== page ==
The Central Vigilance Commission (CVC) has run into a wall of bureaucratic denial
The Central Vigilance Commission (CVC) has run into a wall of bureaucratic denial. The anti-corruption watchdog regularly reviews pending cases and even called for a probe into pending corruption cases, but little has resulted from its efforts. Earlier this year in January, the commission set a timeline to finalise pending cases. It directed all chief executives and vigilance officers in various government organisations to finalise pending cases from the period between January 2011 and December 2018 by end of May this year.
With just about a month left for the deadline, chief vigilance commissioner Sanjay Kothari has now upped the ante and advised Union ministries to sort out complaints against officers within three months of their receipt. Reminding them of the May 31 deadline, Mr Kothari has now mandated that at the end of the third month from the date of receipt of the complaint and after deciding on a course of action, a copy of the complaint shall be made available to the concerned employee within 15 days. Once a decision is made to pursue the vigilance case, the concerned organisation shall send its inquiry report to the CVC or chief vigilance officer seeking first stage advice within three months of registration of a case.
Key appointment hangs in balance
Away from the Covid din, there is a tussle going on between the Punjab government and the Centre over the naming of 2002 batch IAS officer Vijay Namdeorao Zade as the finance secretary of the Chandigarh Administration. Mr Zade was nominated by the UT administration for the post, which is reserved for Punjab cadre officers and is the third most important post after the UT advisor and home secretary.
According to sources, the ministry of home affairs (MHA) has sought details about Mr Zade’s professional profile and other information in a 17-point proforma. It wanted to know about Mr Zade’s completion of service in the cadre, the reason for seeking deputation, vigilance status and details of annual property returns, etc.
Sources say that this is the first time the ministry has asked for such details and there is no convention for this. Despite their reservations, the Punjab government has responded by providing all the information that was sought about the official. There has been no action from the MHA since then. It has to be remembered, sources say, that the recommendation of Mr Zade was forwarded to the Centre last year but there is no sign of any movement on the issue.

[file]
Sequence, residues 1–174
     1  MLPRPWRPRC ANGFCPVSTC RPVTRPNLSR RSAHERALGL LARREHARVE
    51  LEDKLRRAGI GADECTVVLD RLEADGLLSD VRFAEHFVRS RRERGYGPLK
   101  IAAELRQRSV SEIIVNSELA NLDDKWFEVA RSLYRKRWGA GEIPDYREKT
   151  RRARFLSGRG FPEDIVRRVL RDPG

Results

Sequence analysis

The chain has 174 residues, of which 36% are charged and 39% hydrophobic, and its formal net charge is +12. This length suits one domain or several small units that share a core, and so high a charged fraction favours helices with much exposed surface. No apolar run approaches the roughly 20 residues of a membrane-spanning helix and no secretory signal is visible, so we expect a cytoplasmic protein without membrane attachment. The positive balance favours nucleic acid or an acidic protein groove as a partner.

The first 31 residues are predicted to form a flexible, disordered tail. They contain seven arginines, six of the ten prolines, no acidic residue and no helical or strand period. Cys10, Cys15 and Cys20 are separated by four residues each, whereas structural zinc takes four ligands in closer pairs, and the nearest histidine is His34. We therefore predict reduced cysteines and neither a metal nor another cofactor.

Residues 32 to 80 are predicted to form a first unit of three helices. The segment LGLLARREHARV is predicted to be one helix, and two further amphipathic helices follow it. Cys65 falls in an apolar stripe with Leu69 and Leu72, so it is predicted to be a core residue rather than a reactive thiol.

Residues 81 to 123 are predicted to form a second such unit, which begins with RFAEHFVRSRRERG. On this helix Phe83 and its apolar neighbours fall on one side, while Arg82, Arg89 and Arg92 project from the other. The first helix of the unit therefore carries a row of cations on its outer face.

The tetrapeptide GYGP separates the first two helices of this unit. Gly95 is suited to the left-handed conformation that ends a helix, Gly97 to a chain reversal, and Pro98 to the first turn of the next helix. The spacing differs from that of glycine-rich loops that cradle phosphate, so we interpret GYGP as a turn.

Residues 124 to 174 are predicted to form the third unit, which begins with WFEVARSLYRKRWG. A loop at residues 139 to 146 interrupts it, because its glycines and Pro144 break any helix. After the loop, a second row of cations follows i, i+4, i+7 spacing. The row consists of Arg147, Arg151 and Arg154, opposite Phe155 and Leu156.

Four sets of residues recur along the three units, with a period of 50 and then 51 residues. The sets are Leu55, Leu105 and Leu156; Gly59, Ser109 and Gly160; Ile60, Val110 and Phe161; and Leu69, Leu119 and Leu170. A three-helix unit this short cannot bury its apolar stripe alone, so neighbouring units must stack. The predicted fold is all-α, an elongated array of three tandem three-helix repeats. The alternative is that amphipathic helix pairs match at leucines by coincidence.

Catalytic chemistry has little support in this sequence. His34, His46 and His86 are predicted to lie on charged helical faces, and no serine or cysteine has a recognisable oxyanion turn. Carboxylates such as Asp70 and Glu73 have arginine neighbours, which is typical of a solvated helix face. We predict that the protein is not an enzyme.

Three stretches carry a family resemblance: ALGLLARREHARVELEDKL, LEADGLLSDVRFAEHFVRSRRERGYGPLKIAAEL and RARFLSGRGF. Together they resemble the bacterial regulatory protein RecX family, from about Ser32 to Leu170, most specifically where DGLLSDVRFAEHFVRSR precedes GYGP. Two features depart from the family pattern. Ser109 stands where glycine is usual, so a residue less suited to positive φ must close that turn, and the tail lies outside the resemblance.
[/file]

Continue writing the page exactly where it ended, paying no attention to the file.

Maharashtra political rivalries affecting babus
The churning in police circles in Maharashtra continues unabated even after the unsavoury Param Bir Singh episode. And, not surprisingly, politics seems to drive most of what is going around these days between the Maharashtra Vikas Aghadi (MVA) government and the Opposition BJP.
The state government has now tasked Mumbai police to investigate the leaking of a report on corruption in the state police to BJP leader Devendra Fadnavis. The report, sources say, was prepared by former state intelligence chief Rashmi Shukla but landed into the hands of Mr Fadnavis. As part of the probe, the Mumbai Police has summoned Ms Shukla, who is now ADG of CRPF, to Mumbai to join the investigation.
The back story is interesting. The FIR was filed at the behest of state chief secretary Sitaram Kunte, who had reportedly alleged in a report to chief minister Udhav Thackeray that the “finger of suspicion” seemed to point at Ms Shukla herself. The episode has split opinion within the babu corridors with many murmurs about the probe as more of a hatchet job than a fair inquiry into the truth. The political waters in Maharashtra are roiled as it is, and this is hardly going to make way for more clarity.